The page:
As the story is told, the young Jorge Borgoglio was a real hard-ass: doctrinaire, demanding, and unforgiving. In fact, his fellow Jesuits got so tired of his heavy-handedness that from 1990 to 1992 they sent him off in virtual exile to the Argentinian city of Cordoba, where he lived an almost hermetic solitude.
But through those many months of private prayer and reflection, something apparently happened to the future pope: he emerged from the experience speaking more of mercy than of judgment, more of compassion than of dogmatic correctness. He emerged, in other words, as the man we have seen this week: a champion for the poor, a prophet for the earth, a defender of immigrants, holding out hope to everyone, even those condemned to die. You might say that during his exile Padre Borgoglio discovered the meaning of what Jesus tells us in today’s gospel: that Jesus came that we might have life, and have it abundantly—not fearfully and defensively, but abundantly, joyfully, and passionately.
Back in New Haven, Connecticut, where I most recently served as a priest before coming to Albuquerque, I made a habit of walking from time to time around the corner from my parish office to the Yale Catholic Student Center to pay my colleagues there a visit. The facility is stunning: spacious, recently constructed, and designed to be a welcoming oasis for the whole university community. Particularly noticeable is that just after entering the main door, a visitor sees Jesus’s words inscribed in large letters across the entry hall: “I came that you might have life, and have it abundantly. John 10:10.”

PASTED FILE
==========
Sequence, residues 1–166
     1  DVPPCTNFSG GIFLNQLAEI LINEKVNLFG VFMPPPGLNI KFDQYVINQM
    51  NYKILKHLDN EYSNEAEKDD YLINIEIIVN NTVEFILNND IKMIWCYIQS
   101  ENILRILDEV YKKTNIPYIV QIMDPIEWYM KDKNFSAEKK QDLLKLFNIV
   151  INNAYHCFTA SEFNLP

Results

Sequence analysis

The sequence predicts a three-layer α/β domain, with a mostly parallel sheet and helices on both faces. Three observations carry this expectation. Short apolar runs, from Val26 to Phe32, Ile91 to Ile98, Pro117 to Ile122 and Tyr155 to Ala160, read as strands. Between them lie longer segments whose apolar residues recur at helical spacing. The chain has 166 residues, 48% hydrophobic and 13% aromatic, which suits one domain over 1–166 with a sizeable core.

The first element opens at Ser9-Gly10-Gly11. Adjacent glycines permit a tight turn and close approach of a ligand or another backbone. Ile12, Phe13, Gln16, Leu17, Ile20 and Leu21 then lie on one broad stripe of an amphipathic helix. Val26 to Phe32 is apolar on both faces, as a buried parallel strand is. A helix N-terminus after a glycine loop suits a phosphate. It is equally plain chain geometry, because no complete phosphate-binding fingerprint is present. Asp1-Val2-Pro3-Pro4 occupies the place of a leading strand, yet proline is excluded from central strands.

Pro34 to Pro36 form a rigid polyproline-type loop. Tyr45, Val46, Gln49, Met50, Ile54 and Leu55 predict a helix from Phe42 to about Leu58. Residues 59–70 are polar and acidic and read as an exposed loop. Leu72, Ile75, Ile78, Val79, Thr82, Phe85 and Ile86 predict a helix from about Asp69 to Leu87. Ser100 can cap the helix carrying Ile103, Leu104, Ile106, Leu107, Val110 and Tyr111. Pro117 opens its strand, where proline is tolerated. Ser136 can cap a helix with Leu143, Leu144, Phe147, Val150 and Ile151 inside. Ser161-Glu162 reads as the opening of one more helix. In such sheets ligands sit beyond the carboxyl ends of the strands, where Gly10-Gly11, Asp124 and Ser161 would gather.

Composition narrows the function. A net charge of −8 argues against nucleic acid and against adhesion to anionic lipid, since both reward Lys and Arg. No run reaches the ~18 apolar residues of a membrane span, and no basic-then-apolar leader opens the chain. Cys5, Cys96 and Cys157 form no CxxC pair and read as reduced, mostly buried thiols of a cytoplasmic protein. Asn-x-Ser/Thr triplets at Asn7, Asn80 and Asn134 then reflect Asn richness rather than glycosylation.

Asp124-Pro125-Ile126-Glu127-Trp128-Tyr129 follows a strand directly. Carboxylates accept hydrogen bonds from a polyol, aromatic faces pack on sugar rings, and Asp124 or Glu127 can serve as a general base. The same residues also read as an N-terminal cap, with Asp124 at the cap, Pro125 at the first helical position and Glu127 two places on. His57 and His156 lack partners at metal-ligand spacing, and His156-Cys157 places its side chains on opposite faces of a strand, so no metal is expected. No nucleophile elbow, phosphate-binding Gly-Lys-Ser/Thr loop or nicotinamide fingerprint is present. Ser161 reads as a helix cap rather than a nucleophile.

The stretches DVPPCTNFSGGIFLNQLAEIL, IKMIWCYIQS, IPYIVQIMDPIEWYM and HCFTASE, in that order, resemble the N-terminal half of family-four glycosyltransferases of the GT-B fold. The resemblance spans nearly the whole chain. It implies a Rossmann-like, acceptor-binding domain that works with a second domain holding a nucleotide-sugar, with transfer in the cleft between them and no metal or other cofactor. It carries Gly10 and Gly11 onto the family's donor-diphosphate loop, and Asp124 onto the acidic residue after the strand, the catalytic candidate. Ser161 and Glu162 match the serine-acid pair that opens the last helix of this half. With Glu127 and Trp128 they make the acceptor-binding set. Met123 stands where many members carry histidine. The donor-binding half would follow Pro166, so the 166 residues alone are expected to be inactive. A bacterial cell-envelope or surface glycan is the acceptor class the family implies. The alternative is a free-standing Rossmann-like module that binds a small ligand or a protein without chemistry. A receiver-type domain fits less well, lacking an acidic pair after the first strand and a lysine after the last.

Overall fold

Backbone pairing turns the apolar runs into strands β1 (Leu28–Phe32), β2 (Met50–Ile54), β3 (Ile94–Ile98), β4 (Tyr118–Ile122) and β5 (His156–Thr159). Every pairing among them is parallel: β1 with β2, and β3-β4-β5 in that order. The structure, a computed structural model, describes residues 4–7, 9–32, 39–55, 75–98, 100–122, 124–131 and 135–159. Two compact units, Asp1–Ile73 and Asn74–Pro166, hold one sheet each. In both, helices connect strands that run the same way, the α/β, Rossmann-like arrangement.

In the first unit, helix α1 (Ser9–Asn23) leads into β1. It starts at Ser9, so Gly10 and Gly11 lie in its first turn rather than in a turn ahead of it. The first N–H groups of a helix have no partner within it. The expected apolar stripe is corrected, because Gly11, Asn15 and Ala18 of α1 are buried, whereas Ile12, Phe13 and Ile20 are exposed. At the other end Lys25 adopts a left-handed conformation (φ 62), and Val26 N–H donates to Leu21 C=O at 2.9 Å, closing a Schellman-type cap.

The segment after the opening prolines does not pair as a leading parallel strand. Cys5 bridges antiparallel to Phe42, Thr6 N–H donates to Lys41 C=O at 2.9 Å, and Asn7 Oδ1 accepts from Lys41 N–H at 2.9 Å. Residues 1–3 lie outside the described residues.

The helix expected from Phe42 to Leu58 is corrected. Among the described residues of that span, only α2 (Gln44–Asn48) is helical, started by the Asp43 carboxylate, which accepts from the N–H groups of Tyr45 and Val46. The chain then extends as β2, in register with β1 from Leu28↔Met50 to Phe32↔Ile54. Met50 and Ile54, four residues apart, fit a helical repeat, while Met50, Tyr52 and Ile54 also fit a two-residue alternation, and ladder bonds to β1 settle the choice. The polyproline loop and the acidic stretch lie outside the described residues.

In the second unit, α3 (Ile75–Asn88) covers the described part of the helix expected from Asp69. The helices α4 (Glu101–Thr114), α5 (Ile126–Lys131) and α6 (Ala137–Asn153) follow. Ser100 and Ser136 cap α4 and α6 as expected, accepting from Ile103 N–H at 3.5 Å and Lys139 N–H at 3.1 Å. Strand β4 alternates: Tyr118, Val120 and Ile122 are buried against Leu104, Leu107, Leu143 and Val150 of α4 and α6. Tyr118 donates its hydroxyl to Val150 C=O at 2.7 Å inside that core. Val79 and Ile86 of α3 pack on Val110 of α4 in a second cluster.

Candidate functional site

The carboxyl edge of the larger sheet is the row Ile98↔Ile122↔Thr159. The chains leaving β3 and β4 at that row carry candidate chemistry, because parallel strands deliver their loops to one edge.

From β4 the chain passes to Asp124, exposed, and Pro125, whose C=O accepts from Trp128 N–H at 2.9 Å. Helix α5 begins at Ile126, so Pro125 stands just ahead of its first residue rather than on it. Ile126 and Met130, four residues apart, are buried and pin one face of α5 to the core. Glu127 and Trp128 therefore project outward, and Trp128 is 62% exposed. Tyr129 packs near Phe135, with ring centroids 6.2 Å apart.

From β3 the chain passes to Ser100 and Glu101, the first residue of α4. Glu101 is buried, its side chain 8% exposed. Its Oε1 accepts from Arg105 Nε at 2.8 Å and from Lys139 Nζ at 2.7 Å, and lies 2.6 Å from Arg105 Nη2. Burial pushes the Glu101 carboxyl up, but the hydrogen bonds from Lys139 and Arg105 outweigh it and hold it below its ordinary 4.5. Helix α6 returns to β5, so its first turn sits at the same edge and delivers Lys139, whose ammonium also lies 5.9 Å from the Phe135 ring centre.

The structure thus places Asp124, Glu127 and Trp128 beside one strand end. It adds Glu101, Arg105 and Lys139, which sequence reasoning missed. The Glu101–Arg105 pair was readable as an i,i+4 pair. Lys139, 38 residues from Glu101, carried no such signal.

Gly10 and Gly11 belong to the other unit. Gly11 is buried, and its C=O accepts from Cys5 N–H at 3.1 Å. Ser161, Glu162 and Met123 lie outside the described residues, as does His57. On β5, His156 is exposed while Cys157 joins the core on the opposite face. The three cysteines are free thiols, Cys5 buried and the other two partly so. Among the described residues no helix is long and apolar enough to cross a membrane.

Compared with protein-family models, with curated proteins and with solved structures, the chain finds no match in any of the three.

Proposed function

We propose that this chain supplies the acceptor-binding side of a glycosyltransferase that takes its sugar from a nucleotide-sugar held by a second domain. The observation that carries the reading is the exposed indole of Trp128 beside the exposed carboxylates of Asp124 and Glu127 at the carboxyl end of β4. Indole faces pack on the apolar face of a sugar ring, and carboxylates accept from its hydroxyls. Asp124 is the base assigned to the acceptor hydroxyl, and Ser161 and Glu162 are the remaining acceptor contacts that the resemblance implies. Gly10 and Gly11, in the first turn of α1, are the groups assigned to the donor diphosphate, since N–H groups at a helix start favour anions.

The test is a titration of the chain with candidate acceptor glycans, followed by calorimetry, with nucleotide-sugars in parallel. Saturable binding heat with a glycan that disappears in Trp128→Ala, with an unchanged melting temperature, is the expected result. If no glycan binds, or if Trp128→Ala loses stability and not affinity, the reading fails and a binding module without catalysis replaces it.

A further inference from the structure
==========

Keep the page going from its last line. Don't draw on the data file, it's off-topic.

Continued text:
If the visitor pays a bit more careful attention, he or she will perhaps also notice that underneath that inscription is an oil painting of the donor who made the center possible, a fellow named Thomas Golden. In the portrait, Golden is seated in front of a fireplace, and on the mantle of that fireplace, just over Golden’s left shoulder, is a clock with its hands set to—you guessed it, 10:10—a subtle resonance with the inscription of the biblical verse John 10:10 just above.
Now, you probably know that this verse has sometimes been used to justify a crude sort of prosperity gospel—that is, the notion that following Jesus somehow leads inevitably to material wealth. But that is not the sort of abundance Jesus means. In fact, some translations render the verse, “I came that you might have life, and have it in all its fullness,” which begins to get at quite a different meaning. And as we have seen that meaning enacted for us this past week by the Pope, it clearly has to do with something more than prosperity: it has instead to do with what the Pope—and I dare say we here at St. Michael’s—are committed to building as the Kingdom of God—a kingdom that I want to describe here this morning in three words: caritas, covenant, and community.